Now it gets interesting: Australia has its first digitally literate Prime Minister


This article is by Craig Thomler, digital specialist and Government 2.0 advocate. Thomler is one of Australia’s foremost experts on eGovernment and Government 2.0 issues. It first appeared on Thomler’s popular blog, eGov AU, and is replicated here with his permission.

analysis Rudd & Gillard could work the Twitters. Abbott understood the need to engage digitally, if not the tech, the value or the full impact (and mistakenly thought one of his Ministers had invented the Internet). Even Howard got onboard the digital express with a few YouTube videos.

However, Australia has never before in its history had a digitally literate Prime Minister of the likes of Malcolm Turnbull.

This could mean nothing, or it could mean enormous change if the Australian Government is told to lift its game on digital engagement and treat technology as an integral part of designing and implementing government business rather than as a service to be called on when needed. Turnbull has already laid down a positioning statement in this area, stating in his inaugural media announcement as PM that:

“We need an open government, an open government that recognises that there is an enormous sum of wisdom both within our colleagues in this building and, of course, further afield.”

We’ll see quite quickly which is true by Turnbull’s approach to several of the key planks of openness and digital transformation.

Key steps would include endorsing and progressing Australia’s membership of the Open Government Partnership, something agreed to by the Gillard government but was placed on the perpetual back burner by Abbott as he focused on closing, rather than opening up, government. I’d also expect to see a rethink of the government’s position on the Office of the Information Commissioner – an agency the Abbott government failed to legislate to remove but has been killing by degrees by cutting funding and refusing to replace Commissioners.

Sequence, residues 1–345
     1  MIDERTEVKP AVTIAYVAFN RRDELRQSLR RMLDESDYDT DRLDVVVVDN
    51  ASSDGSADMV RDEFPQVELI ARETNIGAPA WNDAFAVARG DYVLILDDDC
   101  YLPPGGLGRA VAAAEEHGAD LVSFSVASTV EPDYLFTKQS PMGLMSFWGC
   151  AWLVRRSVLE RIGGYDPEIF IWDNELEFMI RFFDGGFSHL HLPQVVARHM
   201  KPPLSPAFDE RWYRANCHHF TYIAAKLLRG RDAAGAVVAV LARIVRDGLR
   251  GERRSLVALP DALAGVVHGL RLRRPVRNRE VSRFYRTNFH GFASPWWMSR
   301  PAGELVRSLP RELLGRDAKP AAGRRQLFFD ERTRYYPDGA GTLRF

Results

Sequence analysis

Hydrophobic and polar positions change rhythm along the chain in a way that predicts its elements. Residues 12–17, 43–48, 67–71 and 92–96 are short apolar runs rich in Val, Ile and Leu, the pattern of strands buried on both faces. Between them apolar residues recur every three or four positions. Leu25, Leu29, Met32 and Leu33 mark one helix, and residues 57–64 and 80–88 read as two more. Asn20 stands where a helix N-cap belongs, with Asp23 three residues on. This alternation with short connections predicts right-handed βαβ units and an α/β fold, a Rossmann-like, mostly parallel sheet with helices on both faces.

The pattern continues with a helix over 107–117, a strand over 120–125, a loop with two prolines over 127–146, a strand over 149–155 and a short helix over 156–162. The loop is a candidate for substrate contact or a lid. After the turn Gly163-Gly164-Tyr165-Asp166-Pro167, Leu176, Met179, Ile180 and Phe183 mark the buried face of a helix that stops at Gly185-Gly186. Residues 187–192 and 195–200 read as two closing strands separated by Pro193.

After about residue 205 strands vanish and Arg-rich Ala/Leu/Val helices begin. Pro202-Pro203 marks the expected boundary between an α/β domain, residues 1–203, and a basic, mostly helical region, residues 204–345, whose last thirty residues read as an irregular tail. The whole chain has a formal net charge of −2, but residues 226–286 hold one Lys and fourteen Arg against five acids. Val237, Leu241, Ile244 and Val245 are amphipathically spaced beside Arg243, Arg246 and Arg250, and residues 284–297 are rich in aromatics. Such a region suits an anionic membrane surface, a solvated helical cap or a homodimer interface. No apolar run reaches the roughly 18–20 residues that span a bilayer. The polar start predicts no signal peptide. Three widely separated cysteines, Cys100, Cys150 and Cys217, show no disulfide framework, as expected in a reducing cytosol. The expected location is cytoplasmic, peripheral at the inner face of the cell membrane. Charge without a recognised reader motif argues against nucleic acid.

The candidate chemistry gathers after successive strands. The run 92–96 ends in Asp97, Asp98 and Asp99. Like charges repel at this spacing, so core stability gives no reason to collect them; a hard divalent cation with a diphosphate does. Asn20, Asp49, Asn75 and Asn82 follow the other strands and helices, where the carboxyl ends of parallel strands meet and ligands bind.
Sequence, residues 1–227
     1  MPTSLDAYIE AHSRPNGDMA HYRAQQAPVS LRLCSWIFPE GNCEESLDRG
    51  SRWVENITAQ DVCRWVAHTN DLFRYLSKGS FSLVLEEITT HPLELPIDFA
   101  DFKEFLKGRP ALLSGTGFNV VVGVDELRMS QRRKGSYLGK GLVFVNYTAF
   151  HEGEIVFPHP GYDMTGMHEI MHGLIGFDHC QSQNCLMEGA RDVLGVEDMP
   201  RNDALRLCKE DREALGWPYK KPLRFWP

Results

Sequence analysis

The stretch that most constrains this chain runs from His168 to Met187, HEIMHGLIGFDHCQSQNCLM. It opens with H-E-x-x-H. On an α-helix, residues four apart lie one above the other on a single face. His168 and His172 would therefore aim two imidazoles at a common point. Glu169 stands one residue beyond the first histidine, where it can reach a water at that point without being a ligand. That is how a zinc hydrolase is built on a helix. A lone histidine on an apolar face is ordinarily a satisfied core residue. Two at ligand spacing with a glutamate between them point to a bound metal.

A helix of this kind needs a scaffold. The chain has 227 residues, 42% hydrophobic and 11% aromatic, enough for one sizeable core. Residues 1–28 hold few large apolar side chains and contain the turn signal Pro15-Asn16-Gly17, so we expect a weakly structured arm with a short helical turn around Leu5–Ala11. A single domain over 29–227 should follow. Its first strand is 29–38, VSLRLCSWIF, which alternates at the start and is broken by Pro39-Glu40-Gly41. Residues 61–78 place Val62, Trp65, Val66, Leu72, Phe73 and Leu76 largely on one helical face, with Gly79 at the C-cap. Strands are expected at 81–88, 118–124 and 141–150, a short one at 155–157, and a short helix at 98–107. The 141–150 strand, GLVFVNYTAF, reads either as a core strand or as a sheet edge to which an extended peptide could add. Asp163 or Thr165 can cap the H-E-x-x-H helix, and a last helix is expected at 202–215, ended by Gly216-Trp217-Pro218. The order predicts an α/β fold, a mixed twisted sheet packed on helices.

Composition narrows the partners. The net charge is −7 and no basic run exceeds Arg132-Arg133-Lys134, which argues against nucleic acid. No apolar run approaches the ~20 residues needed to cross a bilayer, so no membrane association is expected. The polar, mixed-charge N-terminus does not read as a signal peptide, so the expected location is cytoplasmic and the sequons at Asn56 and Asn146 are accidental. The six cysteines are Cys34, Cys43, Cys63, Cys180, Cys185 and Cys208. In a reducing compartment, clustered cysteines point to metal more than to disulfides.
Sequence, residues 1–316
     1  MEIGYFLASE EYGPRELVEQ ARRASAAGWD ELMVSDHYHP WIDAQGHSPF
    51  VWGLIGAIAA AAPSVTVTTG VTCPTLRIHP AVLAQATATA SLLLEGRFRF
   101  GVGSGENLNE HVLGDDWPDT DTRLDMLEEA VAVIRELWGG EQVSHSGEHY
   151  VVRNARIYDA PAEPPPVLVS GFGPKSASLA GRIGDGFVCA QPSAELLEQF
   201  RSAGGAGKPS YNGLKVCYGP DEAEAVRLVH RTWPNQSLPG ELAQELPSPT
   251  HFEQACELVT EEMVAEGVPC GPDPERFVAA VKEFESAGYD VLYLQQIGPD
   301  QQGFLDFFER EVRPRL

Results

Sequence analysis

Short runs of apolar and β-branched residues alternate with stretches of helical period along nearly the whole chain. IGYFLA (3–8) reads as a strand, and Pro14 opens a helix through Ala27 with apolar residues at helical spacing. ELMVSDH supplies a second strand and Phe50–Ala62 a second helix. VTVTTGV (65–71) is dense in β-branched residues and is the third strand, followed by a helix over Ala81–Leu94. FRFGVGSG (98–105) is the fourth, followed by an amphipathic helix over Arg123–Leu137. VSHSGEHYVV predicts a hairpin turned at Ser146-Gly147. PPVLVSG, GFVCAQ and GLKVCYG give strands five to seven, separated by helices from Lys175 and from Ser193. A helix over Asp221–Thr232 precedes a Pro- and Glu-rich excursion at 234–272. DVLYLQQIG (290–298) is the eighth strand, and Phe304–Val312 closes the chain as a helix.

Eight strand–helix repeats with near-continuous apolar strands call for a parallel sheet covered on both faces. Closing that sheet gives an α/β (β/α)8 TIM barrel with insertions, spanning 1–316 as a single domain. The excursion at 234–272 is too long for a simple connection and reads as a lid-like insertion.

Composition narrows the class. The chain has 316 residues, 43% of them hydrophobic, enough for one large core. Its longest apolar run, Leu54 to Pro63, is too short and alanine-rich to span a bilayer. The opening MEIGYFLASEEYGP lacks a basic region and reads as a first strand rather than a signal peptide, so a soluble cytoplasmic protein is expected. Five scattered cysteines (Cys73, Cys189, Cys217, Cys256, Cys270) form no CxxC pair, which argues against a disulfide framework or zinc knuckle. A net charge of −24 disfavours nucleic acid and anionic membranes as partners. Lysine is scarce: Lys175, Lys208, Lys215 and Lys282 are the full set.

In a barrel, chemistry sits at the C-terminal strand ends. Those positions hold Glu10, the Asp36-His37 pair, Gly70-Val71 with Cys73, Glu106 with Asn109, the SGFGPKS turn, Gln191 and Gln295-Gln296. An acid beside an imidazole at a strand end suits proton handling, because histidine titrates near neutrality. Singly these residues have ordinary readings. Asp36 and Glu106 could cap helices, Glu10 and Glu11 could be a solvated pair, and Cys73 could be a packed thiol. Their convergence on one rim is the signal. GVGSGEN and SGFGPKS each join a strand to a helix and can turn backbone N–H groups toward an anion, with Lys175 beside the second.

Another sign of change would be an elevation of the role of the Digital Transition Office, making more of its approaches mandatory and providing more teeth to the agency when dealing with big and slow moving Departments more interested in the status quo. This could include shifting the DTO back to the Prime Minister’s department, but with a direct reporting line to Turnbull that minimizes the obfuscation prevalent within that department at senior levels.

Other areas that could use attention include the open data space, which is run on a shoestring by Finance and could greatly magnify its impact with additional resourcing and mandates, and, of course, the NBN – Turnbull’s former responsibility as Communications Minister. A shift back to a FTTH approach, delivered more cost-effectively than the previous Labor model, would provide Australia with the infrastructure it needs for the 21st century and cement Turnbull as a visionary with Australia’s long-term future at heart.